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Good Samaritans Volunteers Helping Victims Program Handbook and Training Guide
Top navigation About This Guide Message From the Director Acknowledgments About the Authors Related Links
Photo: Man and woman looking out of a broken window.

Publication Date: April 2009

minus iconFilling a Void—Origins of the Program
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minus iconVolunteers: Recruiting,
Screening, and Training

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minus iconModule 2: The Victim Experience
Module 3: Basic Skills for Volunteers
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Module 3: Basic Skills for Volunteers

Useful Phrases for Crisis Intervenors

  • "You are safe now" (if they are).

  • "I'm glad you're here with me now."

  • "I'm glad you're talking with me now."

  • "I am sorry this (specify what the "this" is) happened to you."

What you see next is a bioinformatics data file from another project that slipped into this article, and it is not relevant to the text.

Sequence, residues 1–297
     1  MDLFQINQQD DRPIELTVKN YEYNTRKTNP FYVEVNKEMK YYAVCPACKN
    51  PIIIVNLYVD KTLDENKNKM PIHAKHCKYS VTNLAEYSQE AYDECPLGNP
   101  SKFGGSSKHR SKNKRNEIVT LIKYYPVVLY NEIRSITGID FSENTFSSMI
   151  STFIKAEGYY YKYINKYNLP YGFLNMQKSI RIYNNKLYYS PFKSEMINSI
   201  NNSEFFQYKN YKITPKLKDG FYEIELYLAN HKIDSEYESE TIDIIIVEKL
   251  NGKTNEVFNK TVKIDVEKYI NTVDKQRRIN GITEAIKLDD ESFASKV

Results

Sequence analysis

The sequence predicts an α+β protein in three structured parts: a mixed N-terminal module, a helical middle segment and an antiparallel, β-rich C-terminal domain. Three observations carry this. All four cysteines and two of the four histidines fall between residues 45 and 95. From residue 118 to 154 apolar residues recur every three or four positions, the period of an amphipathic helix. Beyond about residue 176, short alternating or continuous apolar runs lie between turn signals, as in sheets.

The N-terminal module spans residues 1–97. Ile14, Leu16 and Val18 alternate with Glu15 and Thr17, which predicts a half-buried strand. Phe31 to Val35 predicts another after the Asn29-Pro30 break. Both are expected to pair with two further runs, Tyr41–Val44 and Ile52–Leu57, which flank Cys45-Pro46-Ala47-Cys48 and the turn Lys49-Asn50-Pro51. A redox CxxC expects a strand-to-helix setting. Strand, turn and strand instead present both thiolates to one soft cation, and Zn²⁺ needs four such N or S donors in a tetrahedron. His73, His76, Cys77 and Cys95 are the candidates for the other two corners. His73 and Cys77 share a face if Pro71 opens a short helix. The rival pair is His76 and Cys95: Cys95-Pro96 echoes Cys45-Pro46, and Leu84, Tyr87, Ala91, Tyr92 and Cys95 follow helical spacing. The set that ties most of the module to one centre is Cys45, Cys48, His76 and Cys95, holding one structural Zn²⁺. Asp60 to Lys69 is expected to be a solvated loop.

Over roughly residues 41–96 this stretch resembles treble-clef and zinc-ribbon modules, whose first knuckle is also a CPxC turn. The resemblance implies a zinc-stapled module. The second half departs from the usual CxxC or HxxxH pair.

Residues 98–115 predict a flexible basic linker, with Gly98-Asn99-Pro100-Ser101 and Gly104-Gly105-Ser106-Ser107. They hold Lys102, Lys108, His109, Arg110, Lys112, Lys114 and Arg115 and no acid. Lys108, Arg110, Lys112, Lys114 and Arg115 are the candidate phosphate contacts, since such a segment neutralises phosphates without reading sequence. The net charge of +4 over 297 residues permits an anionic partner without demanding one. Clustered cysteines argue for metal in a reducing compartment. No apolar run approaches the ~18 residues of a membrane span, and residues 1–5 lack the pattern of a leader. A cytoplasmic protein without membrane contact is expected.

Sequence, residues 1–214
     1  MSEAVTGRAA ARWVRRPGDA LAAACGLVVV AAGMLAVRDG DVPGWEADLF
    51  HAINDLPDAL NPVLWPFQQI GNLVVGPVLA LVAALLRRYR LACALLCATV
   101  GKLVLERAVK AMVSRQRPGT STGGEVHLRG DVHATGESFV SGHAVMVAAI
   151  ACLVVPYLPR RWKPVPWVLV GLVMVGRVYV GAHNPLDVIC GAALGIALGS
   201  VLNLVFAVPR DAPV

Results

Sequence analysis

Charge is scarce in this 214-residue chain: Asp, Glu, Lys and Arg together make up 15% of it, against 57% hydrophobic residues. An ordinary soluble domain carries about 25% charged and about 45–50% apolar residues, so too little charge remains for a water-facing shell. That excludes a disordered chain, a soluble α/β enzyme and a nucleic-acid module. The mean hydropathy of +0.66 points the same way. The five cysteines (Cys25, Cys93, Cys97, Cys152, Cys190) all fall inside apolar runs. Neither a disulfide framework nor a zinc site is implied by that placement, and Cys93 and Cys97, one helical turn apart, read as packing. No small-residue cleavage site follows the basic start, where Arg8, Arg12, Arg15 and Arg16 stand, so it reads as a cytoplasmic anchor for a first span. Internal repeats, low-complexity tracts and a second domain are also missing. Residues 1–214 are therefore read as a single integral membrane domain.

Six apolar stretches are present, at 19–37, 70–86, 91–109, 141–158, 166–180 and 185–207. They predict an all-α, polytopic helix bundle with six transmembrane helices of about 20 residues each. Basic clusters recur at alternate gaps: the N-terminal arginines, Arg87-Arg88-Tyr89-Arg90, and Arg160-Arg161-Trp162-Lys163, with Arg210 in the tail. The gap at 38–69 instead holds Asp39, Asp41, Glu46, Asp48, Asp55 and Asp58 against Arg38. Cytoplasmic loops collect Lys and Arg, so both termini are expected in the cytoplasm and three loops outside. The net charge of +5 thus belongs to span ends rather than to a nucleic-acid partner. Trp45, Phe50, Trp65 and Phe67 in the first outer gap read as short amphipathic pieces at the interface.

• "This wasn't your fault."

  • "Your reaction is not an uncommon response to an abnormal event."

  • "It's understandable that you feel that way."

  • "It must have been upsetting to see (or hear, feel, smell) that."

  • "You are not going crazy."

  • "Things may never be the same, but they can get better, and you can get better."

  • "You are experiencing normal reactions to a traumatic event."

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"These are your clichés. Your clichés are your friends. Learn your clichés and know when to use them."

—"Crash" Davis, a character in the movie "Bull Durham"
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Clutch Phrases

Face it—we all have times when we're at a loss for words. When you find yourself carrying the entire conversation, rely on the following clutch phrases to help get the victim talking again:

  • "What do you want to do?"

  • "How do you feel about that?"

  • "And how do you get along with . . .?"

  • "What do you think would happen if you did that?"

  • "What have you tried so far?"

  • "What do they think about that?"

  • "How is that?"

  • "What does that mean to you?"

  • "What do you think about that?"

  • "What is it that bothers you about that?"

  • "How do they act?"

  • "Have you considered _________? How does that sound to you?"

  • "In what way?"

  • "How do you mean?"

  • "How do you think they would react if you . . .?"

  • "Do you want to?"

  • "What would you like?"

  • "What is the best/worst thing that could happen?"

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